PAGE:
24wide range of capacities, including, but not limited to, Chief Justice
25of the California Supreme Court, representatives to the United
26States Congress, legislators in the state legislatures of California
27and other states, and other city, state, and federal leaders of the
28United States; and

29WHEREAS, Throughout the history of the United States,
30Filipino Americans have made cultural, economic, political, social,
31and other contributions to our country that have become a vital
32part of the rich, diverse, and vibrant tapestry of our nation; and

33WHEREAS, Since World War II, federal, state, and local
34redevelopment projects, freeway and highway construction, urban
35decay, private development, demographic shifts, and poor city
36planning have destroyed a significant number of Filipino American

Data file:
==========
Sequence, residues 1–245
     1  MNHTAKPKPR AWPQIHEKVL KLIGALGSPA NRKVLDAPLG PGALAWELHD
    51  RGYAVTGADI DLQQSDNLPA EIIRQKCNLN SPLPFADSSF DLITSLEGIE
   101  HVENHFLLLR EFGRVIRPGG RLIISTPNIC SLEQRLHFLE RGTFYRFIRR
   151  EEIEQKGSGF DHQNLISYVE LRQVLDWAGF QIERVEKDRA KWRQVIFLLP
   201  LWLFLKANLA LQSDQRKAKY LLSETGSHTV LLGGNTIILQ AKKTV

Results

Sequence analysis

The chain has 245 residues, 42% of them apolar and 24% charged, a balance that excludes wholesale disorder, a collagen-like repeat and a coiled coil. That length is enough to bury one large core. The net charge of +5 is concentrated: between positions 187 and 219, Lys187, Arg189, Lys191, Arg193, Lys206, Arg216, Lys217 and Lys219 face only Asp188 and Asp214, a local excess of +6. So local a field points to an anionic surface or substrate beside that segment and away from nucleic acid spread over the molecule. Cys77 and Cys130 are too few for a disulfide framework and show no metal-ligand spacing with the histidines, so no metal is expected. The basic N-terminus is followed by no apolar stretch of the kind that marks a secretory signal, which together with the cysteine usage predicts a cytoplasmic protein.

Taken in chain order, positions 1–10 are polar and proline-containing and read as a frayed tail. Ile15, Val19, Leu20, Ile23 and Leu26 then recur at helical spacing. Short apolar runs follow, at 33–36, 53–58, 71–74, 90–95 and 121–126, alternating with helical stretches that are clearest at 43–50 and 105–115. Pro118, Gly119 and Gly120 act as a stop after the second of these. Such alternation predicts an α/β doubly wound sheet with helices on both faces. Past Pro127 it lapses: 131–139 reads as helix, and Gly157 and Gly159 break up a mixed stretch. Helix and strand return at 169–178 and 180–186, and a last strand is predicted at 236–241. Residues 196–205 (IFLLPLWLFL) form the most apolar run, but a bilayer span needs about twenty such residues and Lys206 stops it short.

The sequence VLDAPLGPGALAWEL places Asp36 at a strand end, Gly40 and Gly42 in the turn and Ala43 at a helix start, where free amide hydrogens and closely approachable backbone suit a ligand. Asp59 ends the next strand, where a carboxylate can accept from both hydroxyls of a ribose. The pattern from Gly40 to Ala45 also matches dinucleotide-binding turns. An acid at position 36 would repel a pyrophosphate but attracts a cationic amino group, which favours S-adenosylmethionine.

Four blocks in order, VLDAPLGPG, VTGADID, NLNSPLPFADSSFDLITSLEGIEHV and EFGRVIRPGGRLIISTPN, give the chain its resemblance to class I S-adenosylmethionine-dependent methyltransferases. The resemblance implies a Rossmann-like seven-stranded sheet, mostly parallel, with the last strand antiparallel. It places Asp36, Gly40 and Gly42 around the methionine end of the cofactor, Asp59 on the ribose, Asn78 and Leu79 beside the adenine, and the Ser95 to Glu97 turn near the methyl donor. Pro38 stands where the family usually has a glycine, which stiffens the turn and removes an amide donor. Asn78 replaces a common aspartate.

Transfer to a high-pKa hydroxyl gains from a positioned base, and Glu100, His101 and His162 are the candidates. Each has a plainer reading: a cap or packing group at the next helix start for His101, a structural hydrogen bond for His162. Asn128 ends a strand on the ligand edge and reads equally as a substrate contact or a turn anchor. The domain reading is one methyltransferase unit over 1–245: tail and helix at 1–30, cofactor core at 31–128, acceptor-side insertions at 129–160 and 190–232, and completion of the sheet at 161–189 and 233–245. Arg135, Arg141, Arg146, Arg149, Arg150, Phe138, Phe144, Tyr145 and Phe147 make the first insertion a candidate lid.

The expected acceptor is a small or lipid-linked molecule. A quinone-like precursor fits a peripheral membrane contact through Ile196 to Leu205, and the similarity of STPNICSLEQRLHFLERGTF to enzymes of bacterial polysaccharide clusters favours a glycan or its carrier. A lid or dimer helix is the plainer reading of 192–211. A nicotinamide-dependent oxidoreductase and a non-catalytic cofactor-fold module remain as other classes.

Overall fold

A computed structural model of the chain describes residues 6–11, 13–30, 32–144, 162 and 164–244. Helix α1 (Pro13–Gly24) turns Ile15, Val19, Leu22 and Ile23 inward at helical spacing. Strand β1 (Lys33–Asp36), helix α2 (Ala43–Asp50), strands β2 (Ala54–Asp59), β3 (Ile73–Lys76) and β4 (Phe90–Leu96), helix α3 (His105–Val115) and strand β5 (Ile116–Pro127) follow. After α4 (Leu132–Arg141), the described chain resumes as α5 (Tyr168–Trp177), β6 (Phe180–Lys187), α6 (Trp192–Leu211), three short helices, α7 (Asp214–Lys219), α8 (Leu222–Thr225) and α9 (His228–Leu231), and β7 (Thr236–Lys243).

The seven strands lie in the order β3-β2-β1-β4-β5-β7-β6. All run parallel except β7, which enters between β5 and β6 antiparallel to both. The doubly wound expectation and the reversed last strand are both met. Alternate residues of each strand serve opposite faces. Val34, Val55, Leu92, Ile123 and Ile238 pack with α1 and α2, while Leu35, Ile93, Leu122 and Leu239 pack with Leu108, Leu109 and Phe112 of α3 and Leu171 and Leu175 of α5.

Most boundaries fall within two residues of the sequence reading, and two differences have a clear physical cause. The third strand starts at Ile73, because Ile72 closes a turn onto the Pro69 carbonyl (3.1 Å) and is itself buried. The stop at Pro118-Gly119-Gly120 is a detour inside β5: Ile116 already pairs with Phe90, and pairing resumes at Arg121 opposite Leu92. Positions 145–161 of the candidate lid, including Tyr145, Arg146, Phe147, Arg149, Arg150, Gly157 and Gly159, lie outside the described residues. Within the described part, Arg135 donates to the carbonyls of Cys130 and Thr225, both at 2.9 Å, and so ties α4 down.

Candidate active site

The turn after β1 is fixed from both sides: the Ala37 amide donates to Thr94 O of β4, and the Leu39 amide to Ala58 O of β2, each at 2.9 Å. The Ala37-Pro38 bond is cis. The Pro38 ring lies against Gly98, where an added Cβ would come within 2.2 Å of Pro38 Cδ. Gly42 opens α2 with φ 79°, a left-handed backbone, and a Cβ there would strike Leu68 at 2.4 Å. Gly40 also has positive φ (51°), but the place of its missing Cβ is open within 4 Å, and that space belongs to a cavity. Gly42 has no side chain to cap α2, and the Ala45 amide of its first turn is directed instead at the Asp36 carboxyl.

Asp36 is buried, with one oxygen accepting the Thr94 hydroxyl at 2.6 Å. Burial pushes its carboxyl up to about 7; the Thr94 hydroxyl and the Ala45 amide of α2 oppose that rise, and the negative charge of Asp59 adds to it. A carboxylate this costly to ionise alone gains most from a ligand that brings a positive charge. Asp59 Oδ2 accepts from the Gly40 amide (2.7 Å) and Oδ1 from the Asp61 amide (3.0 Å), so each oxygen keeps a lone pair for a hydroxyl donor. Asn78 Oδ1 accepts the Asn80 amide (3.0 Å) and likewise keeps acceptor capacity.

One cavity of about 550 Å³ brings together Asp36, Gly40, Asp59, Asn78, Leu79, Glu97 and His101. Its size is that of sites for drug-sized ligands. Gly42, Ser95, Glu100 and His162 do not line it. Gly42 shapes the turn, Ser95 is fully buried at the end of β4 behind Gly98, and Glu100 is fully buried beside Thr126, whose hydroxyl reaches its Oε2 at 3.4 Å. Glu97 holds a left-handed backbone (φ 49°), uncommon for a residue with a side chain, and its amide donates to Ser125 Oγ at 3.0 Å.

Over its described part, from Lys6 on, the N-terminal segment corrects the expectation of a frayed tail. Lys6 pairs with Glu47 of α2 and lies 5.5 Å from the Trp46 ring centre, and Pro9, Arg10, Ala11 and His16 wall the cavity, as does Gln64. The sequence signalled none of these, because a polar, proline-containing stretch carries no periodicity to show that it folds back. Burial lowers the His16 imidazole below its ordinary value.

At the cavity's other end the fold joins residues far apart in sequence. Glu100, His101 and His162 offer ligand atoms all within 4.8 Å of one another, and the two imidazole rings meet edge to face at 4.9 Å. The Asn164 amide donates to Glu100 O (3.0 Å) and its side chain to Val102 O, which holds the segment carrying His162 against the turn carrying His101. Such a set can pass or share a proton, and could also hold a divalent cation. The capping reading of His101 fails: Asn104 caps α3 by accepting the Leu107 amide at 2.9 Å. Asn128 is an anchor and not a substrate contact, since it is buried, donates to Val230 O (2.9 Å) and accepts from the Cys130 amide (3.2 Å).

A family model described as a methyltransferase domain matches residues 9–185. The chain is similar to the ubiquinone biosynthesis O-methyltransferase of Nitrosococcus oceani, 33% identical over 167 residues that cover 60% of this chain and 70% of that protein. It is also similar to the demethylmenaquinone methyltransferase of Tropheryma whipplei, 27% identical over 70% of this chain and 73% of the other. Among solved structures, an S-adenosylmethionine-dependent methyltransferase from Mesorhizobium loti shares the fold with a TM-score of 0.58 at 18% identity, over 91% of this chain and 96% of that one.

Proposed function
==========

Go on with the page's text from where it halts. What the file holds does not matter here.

37historic sites and ethnic neighborhoods, and many of the remaining
38Filipino American communities and historic sites are in danger of
39being lost; and

P6    1WHEREAS, Preserving our Filipino communities throughout
2California and the United States is critical to the preservation of
3Filipino culture, history, traditions, and heritage and to the
4preservation of our state and national history as well as our state
5and national future; now, therefore, be it

6Resolved by the Assembly of the State of California, the Senate
7thereof concurring,
That the Legislature recognizes the month of
8October 2015 as Filipino American History Month and the 428th
9anniversary of the first presence of Filipinos in the continental
10United States; and be it further

11Resolved, That the Chief Clerk of the Assembly transmit copies
12of this resolution to the author for appropriate distribution.